Travel Tips: How Sick Is Too Sick To Fly?

Under the weather? Need a vacation but too sick? Should I reschedule? Use this quick guide to answer that questions: Am I too sick to fly?

After planning the perfect vacation, anxiously waiting for the departure date, arranging backup for work, packing and financing everything; the sore throat and headache arrive. Are you too sick to fly? Here's a quick guide to determine the answer to that question.

Typically adults with minor illnesses can still travel; with precautions and over-the-counter medications to provide comfort. Most dangers arise from illness while flying due to the reduced cabin air pressure, the lower oxygen content of the air, the motion of the plane, dehydration, the stress of traveling and the low availability of medical treatment should something go wrong.

Common head colds, food reactions or general discomfort are minor illnesses. Take over-the-counter medication per the instructions, take the day slowly and leave extra time for even the minor duties of the day. Be certain to keep yourself well hydrated and, if necessary, exchange seats on the flight to be close to the lavatory. The flight may be more tiring and trying but one day of rest out of a vacation is probably all that is needed to catch up.

Illnesses causing breathing difficulty, severe asthma attacks or ear infections may result in a delay in flying. The decreased availability of oxygen, the reduced cabin air pressure and the motion of the plane can cause these illnesses to worsen even with over-the-counter aids. If dizziness or difficulty in breathing is apparent at the airport terminal, reconsider the flight. Reschedule for a day or two to allow the illness to subside.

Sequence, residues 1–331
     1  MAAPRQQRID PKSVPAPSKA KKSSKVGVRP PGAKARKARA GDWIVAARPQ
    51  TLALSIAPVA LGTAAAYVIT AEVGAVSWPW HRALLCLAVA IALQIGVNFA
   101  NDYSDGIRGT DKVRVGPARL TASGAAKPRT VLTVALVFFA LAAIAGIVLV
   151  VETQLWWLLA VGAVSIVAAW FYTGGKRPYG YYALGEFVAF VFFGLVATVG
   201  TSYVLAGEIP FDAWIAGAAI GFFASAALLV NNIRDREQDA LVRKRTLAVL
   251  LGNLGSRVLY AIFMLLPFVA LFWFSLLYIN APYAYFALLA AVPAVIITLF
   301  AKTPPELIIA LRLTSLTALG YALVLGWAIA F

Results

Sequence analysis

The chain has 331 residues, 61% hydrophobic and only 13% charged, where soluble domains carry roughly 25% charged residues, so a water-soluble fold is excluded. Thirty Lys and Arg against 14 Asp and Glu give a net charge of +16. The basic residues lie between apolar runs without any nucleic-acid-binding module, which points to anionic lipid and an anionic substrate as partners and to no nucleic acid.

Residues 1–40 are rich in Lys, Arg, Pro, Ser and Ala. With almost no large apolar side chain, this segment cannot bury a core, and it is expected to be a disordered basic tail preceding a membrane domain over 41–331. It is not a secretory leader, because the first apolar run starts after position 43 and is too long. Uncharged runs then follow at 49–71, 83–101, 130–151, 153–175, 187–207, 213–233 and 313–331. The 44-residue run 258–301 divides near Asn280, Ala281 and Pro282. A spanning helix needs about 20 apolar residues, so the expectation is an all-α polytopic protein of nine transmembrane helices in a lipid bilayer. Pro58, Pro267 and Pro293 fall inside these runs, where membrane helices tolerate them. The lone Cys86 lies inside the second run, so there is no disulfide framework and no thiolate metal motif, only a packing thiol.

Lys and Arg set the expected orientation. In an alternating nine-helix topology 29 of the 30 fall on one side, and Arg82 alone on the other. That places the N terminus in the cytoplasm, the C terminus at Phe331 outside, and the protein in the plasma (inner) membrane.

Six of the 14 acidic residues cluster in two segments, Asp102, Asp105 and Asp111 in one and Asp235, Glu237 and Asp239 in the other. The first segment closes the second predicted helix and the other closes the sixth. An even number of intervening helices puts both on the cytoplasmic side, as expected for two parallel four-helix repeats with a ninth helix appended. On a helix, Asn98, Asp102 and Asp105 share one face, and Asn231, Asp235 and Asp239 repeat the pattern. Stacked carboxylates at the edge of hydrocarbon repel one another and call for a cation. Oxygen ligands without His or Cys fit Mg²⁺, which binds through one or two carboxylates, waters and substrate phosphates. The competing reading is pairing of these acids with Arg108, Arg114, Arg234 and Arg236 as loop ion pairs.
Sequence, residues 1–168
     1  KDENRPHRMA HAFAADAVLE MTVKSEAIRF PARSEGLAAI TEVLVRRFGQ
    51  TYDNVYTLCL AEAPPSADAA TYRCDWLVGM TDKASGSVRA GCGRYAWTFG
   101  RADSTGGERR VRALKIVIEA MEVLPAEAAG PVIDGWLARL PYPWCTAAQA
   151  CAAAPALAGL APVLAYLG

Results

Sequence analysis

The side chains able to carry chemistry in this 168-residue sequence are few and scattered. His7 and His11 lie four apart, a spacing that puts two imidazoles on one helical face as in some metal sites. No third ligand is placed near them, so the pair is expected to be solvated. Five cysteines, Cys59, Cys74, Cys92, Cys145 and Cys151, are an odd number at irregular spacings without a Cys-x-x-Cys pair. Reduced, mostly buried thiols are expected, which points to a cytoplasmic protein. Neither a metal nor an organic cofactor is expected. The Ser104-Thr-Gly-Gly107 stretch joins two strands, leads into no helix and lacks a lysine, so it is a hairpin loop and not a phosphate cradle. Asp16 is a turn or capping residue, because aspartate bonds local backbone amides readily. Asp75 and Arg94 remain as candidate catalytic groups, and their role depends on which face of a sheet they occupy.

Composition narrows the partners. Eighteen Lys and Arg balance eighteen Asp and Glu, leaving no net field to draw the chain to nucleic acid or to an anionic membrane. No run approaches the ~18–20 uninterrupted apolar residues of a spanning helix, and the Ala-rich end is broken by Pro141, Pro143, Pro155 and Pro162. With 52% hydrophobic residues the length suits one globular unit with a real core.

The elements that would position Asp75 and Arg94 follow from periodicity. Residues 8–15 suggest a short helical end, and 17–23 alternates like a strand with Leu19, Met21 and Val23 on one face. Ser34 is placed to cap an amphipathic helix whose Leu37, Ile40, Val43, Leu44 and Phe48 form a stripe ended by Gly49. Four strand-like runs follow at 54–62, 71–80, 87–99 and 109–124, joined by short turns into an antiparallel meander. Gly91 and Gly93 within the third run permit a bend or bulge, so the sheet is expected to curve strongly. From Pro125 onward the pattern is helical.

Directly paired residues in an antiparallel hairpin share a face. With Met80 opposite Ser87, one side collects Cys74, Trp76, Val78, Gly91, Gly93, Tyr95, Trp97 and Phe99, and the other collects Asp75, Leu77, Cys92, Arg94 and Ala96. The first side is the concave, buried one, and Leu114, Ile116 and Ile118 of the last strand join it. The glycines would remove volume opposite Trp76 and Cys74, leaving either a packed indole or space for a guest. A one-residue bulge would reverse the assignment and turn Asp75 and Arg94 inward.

Contagious diseases, such as chicken pox, measles or Conjunctivitis (pink-eye), even if not causing discomfort; are the best reason to reschedule flight arrangements. It's simply a common courteous to those traveling around you.

Definitely reschedule flights should you fit into any of these categories:

Suffered a heart attack within the last 30 days

Suffered a stroke within the last 14 days

Diagnosed with severe lung disease

Diagnosed with acute sinusitis

Diagnosed with a middle ear infection

Received major surgery within the last 14 days

Received recent eye surgery

Have a wired jaw

Are pregnant beyond 240 days (or less if threatened miscarriage).

Diagnosed with Epilepsy (unless medically controlled)

Had a recent skull fracture

Diagnosed with brain tumors

Suffer from violent and unpredictable behavior

Have scuba dived within the last 24 hours

Some simple precautions that everyone can take to aid in comfort during the flight:

If you can tolerate aspirin, take one a day for a few days before you travel.

Wear loose clothing and footwear.

Before you board, massage your calves and thighs and move your ankles in a circular motion to increase blood flow. Do this every half-hour or so during the flight.

Get up and move around the cabin. Simple movement and stretching every hour keeps the blood circulating

Drink plenty of non-alcoholic beverages.

Should you feel particularly tired, don't be afraid to request a wheelchair for use at the airport.

Alert flight attendants of your illness or general discomfort - they usually will keep a watchful eye to grant aid.

Of course, should you have any doubt, consult a physician prior to leaving.

© High Speed Ventures 2011